Though pandemics are a global threat, so far the responses have been mostly at the national level. The US National Institute of Allergy and Infectious Diseases recently field-tested a vaccine against an existing variant of the h5n1 virus in the hope that it might give some protection against a “humanized” version of the virus and plans over the next few years to develop similar generic vaccines for other “H” types of the influenza virus that currently exist only in animals, including (in keeping with who priorities) H5, H7, and H9. Researchers at the Atlanta-based Centers for Disease Control and Prevention are trying to combine avian and human influenza viruses in their laboratories in an attempt to see how lethal and how infectious various combinations are. The Bush administration put forth a plan to spend $7.1 billion (US) to stockpile antiviral drugs, encourage the development of vaccines using cell cultures to allow for faster production than the current technology (which uses chicken eggs) and help other countries to train their medical personnel to detect and contain any outbreak of pandemic influenza. But the initiative stalled in Congress and it is not clear whether it will be revived.

Britain, after a slow start, has gone into high gear, ordering 14.6 million treatments of Tamiflu, with each representing a course of ten pills. (The United States, with nearly five times the population, has ordered only twenty-three million treatments.) Britain has also signed “sleeping contracts” with drug companies under which the state will pay the corporations to build vaccine-production facilities, enough to adequately cover the entire British population. Researchers at the National Institute for Biological Standards and Control in London are using a technique called reverse genetics, which involves merging genetic information from laboratory viruses and active avian viruses in order to create prototype viruses. These could be “grown” very quickly to produce a possible avian vaccine. But neither Tamiflu, nor the hugely expanded vaccine-production facilities, nor the experimental high-speed production technique will be available outside of Britain in the immediate future—it’s all about protecting the British population, with barely a nod to the global dimension of the problem.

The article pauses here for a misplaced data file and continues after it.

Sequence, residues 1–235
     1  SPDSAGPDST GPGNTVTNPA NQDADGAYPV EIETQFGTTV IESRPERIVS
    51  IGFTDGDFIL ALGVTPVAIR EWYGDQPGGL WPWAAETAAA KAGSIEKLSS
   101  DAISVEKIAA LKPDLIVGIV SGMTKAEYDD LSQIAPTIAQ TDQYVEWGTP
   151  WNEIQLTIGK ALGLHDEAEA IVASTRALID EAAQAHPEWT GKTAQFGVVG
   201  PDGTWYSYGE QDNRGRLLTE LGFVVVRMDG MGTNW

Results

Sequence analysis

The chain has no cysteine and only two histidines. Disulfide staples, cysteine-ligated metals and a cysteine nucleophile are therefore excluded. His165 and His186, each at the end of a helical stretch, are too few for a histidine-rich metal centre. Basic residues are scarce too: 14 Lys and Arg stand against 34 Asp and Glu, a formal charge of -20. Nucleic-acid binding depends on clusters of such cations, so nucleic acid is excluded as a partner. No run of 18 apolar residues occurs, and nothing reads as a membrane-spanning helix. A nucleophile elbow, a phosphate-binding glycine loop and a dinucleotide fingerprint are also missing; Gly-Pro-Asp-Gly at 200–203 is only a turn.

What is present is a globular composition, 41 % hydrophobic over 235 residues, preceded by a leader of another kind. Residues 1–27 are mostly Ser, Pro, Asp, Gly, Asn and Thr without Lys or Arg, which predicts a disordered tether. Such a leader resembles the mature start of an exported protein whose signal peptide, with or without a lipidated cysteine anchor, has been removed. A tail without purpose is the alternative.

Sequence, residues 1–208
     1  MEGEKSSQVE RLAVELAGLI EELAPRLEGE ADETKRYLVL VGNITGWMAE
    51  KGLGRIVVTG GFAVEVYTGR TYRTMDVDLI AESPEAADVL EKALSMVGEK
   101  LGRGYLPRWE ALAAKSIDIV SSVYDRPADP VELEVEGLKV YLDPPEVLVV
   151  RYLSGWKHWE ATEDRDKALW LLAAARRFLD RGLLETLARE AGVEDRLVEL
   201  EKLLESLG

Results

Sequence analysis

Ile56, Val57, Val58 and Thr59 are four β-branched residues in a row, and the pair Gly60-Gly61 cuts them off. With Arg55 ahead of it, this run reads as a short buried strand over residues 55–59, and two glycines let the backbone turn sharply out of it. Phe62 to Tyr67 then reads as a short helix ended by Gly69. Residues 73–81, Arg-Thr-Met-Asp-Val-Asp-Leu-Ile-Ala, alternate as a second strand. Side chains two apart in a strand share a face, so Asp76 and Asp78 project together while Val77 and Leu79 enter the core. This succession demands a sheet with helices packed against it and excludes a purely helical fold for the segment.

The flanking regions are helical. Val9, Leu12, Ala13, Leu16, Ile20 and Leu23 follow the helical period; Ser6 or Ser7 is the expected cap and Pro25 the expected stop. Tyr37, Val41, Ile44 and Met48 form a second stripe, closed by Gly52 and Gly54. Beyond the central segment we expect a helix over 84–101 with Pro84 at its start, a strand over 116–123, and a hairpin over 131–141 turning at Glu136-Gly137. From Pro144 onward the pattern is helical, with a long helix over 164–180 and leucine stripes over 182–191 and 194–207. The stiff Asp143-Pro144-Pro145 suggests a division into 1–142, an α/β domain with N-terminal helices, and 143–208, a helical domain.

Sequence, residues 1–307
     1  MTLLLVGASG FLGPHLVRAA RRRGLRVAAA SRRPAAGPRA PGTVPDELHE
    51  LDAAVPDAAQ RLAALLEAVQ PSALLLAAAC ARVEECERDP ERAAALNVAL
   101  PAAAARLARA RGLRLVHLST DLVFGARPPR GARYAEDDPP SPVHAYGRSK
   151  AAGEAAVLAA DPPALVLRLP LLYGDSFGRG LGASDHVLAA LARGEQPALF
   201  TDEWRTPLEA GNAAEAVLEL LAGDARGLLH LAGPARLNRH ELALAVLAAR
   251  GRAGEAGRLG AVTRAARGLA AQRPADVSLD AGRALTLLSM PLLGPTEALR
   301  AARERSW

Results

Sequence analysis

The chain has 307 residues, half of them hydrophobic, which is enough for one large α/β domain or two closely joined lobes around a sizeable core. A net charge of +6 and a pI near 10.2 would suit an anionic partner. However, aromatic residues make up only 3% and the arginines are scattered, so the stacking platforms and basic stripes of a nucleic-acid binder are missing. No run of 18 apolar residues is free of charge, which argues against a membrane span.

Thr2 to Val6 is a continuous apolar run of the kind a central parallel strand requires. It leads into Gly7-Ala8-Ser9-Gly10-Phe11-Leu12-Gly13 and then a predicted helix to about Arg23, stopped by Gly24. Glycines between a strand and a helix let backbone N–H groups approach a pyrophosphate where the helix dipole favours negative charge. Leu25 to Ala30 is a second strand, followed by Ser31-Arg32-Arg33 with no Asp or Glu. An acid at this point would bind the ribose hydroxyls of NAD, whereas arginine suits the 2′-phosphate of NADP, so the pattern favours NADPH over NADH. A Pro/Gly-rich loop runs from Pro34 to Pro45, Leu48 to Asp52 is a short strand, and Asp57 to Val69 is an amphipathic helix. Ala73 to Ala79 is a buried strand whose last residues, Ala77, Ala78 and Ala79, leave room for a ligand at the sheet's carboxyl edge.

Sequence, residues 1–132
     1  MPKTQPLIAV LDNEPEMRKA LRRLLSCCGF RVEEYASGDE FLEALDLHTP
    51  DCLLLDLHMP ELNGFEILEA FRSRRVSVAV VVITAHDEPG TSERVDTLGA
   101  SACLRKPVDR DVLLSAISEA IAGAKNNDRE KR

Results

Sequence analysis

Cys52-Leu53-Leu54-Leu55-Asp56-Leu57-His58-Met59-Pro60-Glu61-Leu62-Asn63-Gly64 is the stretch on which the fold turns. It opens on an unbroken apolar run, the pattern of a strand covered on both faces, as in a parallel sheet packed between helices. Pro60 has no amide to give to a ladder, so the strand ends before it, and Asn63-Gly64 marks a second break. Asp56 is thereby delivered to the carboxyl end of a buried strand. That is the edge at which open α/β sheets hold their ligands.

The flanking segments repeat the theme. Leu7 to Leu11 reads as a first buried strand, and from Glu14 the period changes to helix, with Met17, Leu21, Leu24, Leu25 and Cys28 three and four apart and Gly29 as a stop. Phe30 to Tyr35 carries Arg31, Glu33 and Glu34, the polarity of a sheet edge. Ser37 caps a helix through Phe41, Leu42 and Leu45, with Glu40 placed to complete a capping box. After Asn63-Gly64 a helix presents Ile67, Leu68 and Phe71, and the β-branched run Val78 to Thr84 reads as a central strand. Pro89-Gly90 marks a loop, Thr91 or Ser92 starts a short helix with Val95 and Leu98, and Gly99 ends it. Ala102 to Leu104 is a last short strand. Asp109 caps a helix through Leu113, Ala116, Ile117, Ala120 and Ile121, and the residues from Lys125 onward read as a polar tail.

Illustration by Tamara Shopsin; photograph by Jason Fulford